10. To this end, co-operation furthered by the Parliamentary Assembly is a means of contributing to the establishment of democratic bodies and methods of operation in the field of regionalisation and local democracy.
11. Given the above and the results of the previous conferences, it would be useful for the Council of Europe Parliamentary Assembly and its committees to devote more time and effort to sharing national experiences of setting up democratic institutions and procedures for drafting and applying legislation in areas that are of priority to the sustainable development of the region.
12. Increased and co-ordinated co-operation between the specialised committees in the national parliaments – in non-member as well as member countries – and the Parliamentary Assembly would provide a means of making the expertise and experience of the Organisation available to the national parliaments, and of seizing all the opportunities offered by parliamentary action.
13. It is also important that the Parliaments give priority to action to raise awareness of and provide information and education in the field of sustainable development and peace culture, and include awareness-raising and education with regard to the environment in a supportive approach to the problems, which requires that collective responsibility be taken for the state of the environment alongside individual responsibility.
14. The participants welcome the activities of the Parliamentary Assembly of the Black Sea Economic Co-operation (PABSEC), the Parliamentary Assembly of the Barcelona process (Euroforum) and the Parliamentary Assembly of the Central European Initiative, which are the parliamentary side to the intergovernmental co-operation developed in the region of the Mediterranean and Black Sea basins and help to mobilise national parliaments in their member states in support of efforts to combat the deterioration of the environment.
15. In this context they welcome, in particular, the holding of the 1st Interparliamentary Conference on the Environmental Protection of the Black Sea (Istanbul, 1996), jointly organised by the Parliamentary Assembly and the PABSEC, and the 3rd Interparliamentary Conference on Security and Co-operation in the Mediterranean (CSCM) (Marseille, 30 March-2 April 2000) of the Interparliamentary Union (IPU).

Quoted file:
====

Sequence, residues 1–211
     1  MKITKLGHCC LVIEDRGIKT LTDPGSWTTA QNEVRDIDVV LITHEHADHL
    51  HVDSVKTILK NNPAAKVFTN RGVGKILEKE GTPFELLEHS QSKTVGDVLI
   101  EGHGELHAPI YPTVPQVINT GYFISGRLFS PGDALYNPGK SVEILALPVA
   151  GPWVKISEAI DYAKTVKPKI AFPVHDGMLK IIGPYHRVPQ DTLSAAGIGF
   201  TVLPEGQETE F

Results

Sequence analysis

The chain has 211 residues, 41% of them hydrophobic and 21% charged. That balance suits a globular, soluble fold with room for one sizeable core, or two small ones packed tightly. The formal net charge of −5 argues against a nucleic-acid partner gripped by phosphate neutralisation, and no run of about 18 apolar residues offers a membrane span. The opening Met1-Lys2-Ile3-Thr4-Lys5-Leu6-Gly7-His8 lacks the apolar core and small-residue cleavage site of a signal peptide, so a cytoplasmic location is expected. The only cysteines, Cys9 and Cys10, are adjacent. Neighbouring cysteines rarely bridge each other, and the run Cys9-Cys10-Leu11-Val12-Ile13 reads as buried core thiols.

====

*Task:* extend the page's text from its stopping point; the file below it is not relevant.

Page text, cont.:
16. Given the above, the participants ask:
16.1. the Committee of Ministers of the Council of Europe to:
16.2. the Parliamentary Assembly to:
16.3. the National Parliaments to:
16.4. the Congress of Local and Regional Authorities of Europe of the Council of Europe to:
17. Participants are of the opinion that it would be important that one of the next conferences be held in one of the countries of the South coast of the Mediterranean Sea.
18. Given the increasing co-operation on territorial authorities level between the Council of Europe (Congress of Local and Regional Authorities of Europe (CLRAE)) and Morocco, participants would be grateful if the Chamber of Representatives of the Kingdom of Morocco could envisage to invite the Parliamentary Assembly to hold its 7th Interparliamentary Conference of the Basins of the Mediterranean and the Black Sea in Morocco.
Reporting committee: Committee on the Environment, Regional Planning and Local Authorities
Reference to committee: Standing mandate
Draft resolution, recommendation and order adopted by the committee on 18 December 2000.
Members of the committee: Mr Akçali (Chairman), MM Besostri, Hoeffel, Haraldsson (Vice-Chairmen), Mrs Agudo, MM Andreoli, Bartsch, Bianchi, Bockel, Briane, Browne, Mrs Burataeva, M. Budisa, Sir Sydney Chapman, MM Ciupaila, Cox, Diana (Alternate: Risari), Mrs Dromberg (Alternate: Tiuri), MM Duivesteijn, Frunda, Graas, Mrs Granlund, Mrs Herczog (Alternate: Lotz), Mrs Hornikova, MM Hren-Vencelj, Kalkan, Mrs Kanelli, Mme Kestelijn-Sierens, MM Kieres (Alternate: Adamczyk), Kittis, Kurucsai, Kurykin, Lachat, Linzer, Luczak, Martinez-Casan, Melo, Mezeckis, Mrs Mikaelsson, MM Minkov, Monteiro, Mota Amaral, Mrs Nagy, MM Pollozhani, Prokes, Prosser (Alternate: O’Hara), Rakhansky, Reimann, Rise, Salaridze, Mrs Schicker, Mr Schütz, Mrs Sehnalova, Mrs Severinsen, MM. Sobyanin, Steolea, Stepaniuc, Mrs Terpstra, MM Toshev, Truu, Vella (Alternate: Debono Grech), Zierer, Mrs Zissi.
N.B. The names of those members present at the meeting are printed in italics.
Secretaries of the committee: Mrs Cagnolati, Mr Chevtchenko.